Police officers across the country took part in the silence, while at Wimbledon matches started late to allow the minute's quiet to be observed.
And the silence was also marked at Silverstone, which is hosting the British Grand Prix on Sunday, led by drivers and teams and also observed by the crowds in the grandstands.
Hundreds of people gathered along the gates of Buckingham Palace and lined the nearby pavements during the silence.
And the touring Australia Ashes cricket team joined Essex players and officials to bow their heads during a break in play in Chelmsford.
At the scene in Sousse
By Thomas Fessy, BBC News
The Tunisian prime minister and several government ministers came along with ambassadors from the UK, the US, France, Portugal, Ireland and the Netherlands.
Representatives from Belgium, Canada and Libya also attended the brief commemorative gathering. They all arrived in silence, laid wreaths of flowers in front of the plaque erected on the crime scene before two trumpets gave a solemn salute.
Dozens of tourists had come to pay respects too. Most of them attended in their swimsuits with beach towels wrapped around their waists.
The smell of sun cream floating around was a strange reminder of the 38 people who were killed here, most of them lying on sunbeds, enjoying some relaxing holiday time.
Dignitaries left without a word while tourists and Tunisians - some of whom were hotel staff - formed a human chain, holding hands around the flowers that were laid in the sand throughout the morning.
'Time will heal'
The first inquests at West London Coroner's Court have been opened by Coroner Chinyere Inyama, and will be adjourned later.
During one of the hearings, the coroner heard Stephen Mellor from Bodmin, Cornwall, was killed by gunshot wounds to the chest and abdomen as he shielded his wife Cheryl.
Further inquests are due to be opened at the court on Saturday and Sunday.
Post-mortem examinations will be carried out before the bodies are released to their families.
The bodies of 25 of the British victims have now been returned to the UK.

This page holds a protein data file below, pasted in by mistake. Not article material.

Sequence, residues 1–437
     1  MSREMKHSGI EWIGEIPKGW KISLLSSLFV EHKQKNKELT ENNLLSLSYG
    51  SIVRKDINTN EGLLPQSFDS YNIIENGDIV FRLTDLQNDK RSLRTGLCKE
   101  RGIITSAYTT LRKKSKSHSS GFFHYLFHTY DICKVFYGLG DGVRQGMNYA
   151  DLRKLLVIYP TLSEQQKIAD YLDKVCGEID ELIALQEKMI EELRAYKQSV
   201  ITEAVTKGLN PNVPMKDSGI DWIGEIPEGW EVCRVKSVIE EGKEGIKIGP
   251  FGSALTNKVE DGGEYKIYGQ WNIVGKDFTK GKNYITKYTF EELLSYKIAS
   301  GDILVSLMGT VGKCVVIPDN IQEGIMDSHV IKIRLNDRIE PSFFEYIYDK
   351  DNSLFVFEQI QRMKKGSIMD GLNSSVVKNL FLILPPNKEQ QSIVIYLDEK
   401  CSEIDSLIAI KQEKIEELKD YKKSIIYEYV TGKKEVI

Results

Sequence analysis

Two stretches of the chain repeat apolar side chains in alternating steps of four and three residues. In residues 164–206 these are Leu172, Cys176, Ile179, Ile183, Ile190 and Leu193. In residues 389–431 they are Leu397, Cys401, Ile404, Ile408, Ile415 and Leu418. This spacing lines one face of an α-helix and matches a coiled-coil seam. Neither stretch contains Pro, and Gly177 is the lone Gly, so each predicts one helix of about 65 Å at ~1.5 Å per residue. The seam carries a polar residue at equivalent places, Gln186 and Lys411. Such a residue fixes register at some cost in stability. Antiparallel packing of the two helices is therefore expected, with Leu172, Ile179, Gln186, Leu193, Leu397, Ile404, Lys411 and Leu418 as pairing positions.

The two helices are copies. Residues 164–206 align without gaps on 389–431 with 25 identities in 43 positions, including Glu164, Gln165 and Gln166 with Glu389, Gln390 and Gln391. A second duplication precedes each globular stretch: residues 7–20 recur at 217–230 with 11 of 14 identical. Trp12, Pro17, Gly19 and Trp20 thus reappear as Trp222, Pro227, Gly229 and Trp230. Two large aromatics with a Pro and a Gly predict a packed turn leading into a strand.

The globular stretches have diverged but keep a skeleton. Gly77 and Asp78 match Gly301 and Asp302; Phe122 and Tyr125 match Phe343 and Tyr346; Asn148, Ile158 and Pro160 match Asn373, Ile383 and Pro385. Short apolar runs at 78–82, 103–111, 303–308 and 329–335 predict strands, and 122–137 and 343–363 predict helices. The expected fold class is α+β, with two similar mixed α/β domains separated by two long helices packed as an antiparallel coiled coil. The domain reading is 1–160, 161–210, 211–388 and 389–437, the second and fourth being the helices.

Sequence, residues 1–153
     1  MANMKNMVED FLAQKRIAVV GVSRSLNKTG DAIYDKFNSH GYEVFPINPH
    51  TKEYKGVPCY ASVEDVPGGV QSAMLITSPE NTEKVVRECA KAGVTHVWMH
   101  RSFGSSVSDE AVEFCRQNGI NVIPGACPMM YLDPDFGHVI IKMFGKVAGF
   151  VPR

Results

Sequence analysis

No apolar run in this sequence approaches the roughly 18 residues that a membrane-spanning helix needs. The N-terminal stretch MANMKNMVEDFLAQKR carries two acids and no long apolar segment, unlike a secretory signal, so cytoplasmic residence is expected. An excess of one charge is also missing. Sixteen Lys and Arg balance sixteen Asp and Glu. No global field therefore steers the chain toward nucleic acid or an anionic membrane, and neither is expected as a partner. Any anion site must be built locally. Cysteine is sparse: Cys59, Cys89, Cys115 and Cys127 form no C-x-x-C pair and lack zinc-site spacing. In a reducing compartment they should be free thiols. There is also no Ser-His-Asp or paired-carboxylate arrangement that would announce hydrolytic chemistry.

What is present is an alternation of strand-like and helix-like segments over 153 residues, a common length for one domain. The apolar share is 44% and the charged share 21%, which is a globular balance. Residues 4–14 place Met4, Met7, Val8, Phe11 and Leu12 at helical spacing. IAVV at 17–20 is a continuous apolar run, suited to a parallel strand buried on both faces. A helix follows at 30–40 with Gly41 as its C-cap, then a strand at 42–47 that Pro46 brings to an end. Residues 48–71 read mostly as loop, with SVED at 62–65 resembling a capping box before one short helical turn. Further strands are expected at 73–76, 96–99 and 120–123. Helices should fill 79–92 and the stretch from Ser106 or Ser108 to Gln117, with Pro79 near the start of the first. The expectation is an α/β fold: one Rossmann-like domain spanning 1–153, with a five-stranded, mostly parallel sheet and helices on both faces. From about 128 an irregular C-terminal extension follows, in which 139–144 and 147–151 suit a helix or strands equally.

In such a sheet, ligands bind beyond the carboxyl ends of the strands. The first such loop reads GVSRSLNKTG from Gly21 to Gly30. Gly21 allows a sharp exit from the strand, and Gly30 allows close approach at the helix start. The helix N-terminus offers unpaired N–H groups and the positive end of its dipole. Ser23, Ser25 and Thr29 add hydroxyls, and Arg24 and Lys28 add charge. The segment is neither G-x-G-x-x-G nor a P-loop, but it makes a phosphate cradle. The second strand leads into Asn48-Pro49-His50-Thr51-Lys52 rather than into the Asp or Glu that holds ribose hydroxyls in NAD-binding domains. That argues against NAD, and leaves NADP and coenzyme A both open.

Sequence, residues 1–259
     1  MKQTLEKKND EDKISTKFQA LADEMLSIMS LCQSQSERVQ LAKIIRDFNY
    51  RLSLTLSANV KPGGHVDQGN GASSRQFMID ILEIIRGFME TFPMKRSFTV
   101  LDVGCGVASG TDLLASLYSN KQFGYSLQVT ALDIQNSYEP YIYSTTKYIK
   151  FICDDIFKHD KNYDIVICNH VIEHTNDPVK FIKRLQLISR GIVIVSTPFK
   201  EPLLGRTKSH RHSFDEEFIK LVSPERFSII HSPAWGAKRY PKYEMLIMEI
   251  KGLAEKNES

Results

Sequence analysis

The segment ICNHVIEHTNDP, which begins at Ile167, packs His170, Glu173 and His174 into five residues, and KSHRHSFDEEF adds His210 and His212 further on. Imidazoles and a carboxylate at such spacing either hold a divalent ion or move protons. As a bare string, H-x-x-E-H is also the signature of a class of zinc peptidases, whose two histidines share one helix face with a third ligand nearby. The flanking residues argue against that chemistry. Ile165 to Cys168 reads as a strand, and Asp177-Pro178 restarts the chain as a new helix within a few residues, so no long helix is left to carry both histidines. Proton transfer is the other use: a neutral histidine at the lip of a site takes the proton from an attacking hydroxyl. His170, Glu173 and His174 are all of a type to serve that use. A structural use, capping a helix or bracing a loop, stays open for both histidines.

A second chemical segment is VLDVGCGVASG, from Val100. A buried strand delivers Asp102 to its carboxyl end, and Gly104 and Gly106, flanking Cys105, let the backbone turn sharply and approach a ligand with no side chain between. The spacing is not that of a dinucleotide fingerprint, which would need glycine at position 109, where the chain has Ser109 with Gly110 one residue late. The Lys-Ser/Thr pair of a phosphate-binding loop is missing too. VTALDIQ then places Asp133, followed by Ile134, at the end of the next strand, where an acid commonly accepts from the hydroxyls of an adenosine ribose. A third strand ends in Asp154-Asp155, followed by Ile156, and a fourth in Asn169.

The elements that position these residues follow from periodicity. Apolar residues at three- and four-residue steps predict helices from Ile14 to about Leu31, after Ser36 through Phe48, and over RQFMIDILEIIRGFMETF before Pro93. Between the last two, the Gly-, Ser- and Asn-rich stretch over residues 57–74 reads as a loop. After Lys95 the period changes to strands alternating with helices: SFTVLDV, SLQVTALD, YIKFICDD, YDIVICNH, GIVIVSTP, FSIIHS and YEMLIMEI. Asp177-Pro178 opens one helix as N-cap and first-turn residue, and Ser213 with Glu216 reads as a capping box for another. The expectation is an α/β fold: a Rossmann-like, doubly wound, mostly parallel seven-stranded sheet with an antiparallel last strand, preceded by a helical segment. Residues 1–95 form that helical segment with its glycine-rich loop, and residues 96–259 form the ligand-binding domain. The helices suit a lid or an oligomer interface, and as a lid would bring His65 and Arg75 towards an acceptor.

The Foreign Office said those repatriated on Friday were Christopher and Sharon Bell, Scott Chalkley, Sue Davey, Angie and Ray Fisher, Eileen Swannack and John Welch.
The C-17 aircraft carrying their bodies landed at RAF Brize Norton on Friday afternoon.
The repatriation of the dead is likely to take several days, with two further flights planned for Friday and Saturday.
Among the three Irish citizens killed in the attack were Larry and Martina Hayes, who were buried in Athlone, in the Midlands Region, on Friday - which was the 30th birthday of their only daughter, Sinea.
Other victims included two Germans, one Belgian, one Portuguese and one Russian national.
Background and analysis
- What we know so far
- Special report on the Tunisia attack
- Who was the gunman?
- Why was Tunisia targeted?
- How do terrorist attacks affect tourism
- Tributes have been paid to victims in England, Wales, Scotland and Northern Ireland
- What can UK police do?
Tunisian authorities have identified 28-year-old Tunisian student Seifeddine Rezgui as the gunman who carried out the attack.
They are also holding eight suspects in custody on suspicion of being directly linked to the attack, which jihadist group Islamic State has claimed. Four others who were held have been released.
Scotland Yard has previously said its investigation into the attack is likely to be one of the largest counter-terrorism deployments since the London 7/7 bombings in 2005, which killed 52.